So what could an Accessibility Center possibly offer you, a loved one or someone you serve? Well, let me explain. Strictly legally speaking, every school taking federal funding of any nature must comply with section 504 of the Rehabilitation Act of 1973, the ADA of 1990 and the ADA’s amendments of 2008. Even if your college or university is a private one, chances are there are students attending the school utilizing federal funds Pell grants, requiring that school to comply.

Academic accommodations allow equal access to academia and school activities, contributing to the diverse educational experience.

Psychiatric disorders adversely affect students in two ways, the symptoms themselves and the side effects of the medications prescribed. Both need to be taken into consideration when discussing possible academic accommodations. But how do you even know what to ask for? That’s a great question!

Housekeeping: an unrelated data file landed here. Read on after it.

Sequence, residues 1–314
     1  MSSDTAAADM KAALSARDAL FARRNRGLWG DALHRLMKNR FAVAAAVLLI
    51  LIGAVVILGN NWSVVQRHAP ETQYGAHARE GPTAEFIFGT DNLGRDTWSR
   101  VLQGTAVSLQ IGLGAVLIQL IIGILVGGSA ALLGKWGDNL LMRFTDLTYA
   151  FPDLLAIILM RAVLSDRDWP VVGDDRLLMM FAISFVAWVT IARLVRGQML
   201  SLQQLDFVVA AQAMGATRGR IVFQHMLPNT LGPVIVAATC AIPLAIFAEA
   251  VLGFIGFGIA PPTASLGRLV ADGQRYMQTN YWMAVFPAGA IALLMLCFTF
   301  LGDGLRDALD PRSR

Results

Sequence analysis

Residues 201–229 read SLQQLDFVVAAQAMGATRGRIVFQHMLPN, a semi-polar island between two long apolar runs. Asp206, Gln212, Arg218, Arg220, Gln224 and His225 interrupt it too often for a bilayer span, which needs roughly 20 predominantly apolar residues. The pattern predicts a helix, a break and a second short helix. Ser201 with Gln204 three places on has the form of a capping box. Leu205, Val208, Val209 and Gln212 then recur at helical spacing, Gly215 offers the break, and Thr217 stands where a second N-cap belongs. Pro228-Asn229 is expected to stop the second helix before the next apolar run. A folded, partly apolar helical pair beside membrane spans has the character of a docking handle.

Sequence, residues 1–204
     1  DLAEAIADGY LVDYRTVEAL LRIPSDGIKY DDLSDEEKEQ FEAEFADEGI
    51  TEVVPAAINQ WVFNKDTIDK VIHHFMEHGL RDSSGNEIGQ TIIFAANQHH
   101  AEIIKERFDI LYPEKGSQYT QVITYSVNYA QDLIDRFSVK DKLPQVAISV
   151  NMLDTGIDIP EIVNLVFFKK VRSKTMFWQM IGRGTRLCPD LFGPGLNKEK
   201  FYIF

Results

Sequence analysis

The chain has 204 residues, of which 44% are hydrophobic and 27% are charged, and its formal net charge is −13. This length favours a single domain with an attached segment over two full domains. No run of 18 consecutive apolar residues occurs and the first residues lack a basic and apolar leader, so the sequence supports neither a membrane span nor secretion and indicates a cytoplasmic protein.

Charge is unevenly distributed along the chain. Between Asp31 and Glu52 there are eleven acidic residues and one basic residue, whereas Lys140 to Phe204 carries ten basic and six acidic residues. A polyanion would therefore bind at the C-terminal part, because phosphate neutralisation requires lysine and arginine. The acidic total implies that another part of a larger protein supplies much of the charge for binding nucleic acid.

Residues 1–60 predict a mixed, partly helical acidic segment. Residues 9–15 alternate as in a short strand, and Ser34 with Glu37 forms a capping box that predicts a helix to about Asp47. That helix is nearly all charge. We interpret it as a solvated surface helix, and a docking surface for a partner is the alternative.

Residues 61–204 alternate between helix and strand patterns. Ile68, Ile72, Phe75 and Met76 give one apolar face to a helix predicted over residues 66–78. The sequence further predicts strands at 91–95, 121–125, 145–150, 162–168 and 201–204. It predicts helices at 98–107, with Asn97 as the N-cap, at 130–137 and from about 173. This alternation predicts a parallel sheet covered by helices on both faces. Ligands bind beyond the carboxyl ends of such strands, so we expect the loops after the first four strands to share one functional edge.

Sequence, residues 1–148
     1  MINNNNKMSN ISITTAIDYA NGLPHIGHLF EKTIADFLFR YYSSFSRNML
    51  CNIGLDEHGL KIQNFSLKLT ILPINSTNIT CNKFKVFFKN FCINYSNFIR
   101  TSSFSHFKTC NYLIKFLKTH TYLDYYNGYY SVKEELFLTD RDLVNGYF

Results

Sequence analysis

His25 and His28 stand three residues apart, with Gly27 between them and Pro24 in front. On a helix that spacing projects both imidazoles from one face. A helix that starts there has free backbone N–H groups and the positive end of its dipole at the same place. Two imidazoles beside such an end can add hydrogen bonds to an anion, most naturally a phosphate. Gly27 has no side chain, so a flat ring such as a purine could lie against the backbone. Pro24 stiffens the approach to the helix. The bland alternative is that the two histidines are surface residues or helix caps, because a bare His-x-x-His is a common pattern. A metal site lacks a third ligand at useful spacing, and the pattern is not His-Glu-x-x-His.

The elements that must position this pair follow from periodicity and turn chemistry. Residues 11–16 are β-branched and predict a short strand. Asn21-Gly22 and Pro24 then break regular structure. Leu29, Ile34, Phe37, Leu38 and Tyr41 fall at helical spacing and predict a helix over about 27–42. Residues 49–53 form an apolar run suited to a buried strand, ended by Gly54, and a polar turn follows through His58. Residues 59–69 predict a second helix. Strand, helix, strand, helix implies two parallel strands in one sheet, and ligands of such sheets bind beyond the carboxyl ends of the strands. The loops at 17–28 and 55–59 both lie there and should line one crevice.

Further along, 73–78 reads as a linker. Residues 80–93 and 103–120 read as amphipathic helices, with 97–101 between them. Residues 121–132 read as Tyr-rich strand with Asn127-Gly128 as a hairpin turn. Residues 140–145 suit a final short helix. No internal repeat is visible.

In the kindergarten-high school arena, a parent and student sit down with the school psychologist and the special education teacher to create an IEP. When a student attends college, he must go to the equivalent of an accessibility center. (Some campuses call this the disability center or disability services, programs and support (DSPS) office.) Regardless of what they call it, you can look it up on your school’s website.

Once in that office, you will discuss possible accommodations with a disability support counselor.

At your first meeting it is good to bring a letter from your doctor on his or her letterhead stating your diagnosis and any recommended accommodations. You can also plan ahead and come to the office completely prepared if you ask for the intake forms prior to your first appointment so that you have everything all ready for your counselor the first time you sit down with him.